Today I posted up a new article at the LifeHack website entitled: Are You a Productive Person? Look at the Number of People Who are Waiting on You to Get Back to Them.
The article makes the point that if you look at how many people are waiting for you to get back to them, it can give you an idea of the overall health of your time management system.
But in addition to the total number of people, you can go even deeper and determine the quality of that list and learn even more.
For example how many are actually overdue? What is the longest wait time? What is the average time it takes for you to respond when there is no explicit promise made?
My hope is that one day, Outlook makes it easy to capture metrics like these, because there is an ugly secret I am continually confronting as I launch MyTimeDesign: there is no standard, measurable way to measure individual productivity, or the quality of one’s time management system.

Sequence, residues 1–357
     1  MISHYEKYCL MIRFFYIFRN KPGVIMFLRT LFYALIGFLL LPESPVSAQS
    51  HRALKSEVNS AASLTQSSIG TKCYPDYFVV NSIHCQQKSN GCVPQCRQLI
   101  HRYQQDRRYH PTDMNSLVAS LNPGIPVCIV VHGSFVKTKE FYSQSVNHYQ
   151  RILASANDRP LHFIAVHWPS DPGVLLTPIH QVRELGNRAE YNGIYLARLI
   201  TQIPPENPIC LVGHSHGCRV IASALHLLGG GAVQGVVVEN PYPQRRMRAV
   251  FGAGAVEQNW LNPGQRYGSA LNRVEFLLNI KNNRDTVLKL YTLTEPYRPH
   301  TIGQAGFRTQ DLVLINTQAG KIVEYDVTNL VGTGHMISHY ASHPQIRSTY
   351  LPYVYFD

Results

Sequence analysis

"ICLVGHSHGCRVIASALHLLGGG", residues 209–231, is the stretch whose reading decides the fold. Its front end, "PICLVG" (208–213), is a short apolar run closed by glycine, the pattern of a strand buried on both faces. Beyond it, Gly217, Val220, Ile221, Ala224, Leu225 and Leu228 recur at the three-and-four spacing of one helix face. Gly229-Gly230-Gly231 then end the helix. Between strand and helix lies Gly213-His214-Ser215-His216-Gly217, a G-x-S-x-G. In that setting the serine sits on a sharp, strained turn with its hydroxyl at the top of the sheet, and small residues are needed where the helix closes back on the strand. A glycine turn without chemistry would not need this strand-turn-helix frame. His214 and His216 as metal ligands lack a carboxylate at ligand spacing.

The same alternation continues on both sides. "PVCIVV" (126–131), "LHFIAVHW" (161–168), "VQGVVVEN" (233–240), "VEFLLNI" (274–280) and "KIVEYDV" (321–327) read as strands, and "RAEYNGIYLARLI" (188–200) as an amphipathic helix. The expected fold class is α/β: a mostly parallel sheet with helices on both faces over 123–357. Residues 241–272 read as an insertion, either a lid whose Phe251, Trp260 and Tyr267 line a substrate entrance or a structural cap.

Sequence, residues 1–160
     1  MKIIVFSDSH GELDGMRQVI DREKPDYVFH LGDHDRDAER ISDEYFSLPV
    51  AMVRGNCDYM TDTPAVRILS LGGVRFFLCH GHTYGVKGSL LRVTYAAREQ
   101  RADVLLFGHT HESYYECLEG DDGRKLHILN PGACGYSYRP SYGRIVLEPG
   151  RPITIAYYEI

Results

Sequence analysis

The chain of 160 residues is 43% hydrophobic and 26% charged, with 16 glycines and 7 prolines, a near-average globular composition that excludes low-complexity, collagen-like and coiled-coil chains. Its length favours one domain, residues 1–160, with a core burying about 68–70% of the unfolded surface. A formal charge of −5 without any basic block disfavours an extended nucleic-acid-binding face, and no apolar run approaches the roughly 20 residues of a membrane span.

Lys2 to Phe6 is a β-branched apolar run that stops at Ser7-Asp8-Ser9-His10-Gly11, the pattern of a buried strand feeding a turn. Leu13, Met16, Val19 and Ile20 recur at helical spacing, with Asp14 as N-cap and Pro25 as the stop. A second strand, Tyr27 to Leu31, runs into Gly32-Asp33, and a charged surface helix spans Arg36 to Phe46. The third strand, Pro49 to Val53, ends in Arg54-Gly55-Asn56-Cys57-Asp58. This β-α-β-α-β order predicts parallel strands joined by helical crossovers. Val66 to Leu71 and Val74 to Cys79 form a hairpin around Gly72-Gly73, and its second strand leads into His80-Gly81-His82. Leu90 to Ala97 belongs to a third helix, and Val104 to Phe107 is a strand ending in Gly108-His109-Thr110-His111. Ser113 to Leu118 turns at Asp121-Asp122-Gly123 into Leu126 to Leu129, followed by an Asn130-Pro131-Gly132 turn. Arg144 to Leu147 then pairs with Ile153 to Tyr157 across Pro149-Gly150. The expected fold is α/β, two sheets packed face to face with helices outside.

This is part of the reason why there’s so much hype around time management programs — one promises even to “triple your productivity.” Of course, they make no mention of how it is to be measured in the first place, let alone “post-improvement!”
Over at the MyTimeDesign blog, I have been putting together the descriptions of the features and benefits of the MyTimeDesign programs, which will be launched next week. One thing I am trying to be careful about is not to over-hype the program, and make promises that can’t be fulfilled.
Stay tuned for more on this, as I am coming up with a more realistic way to describe ways in which participants can tell whether the program is for them or not.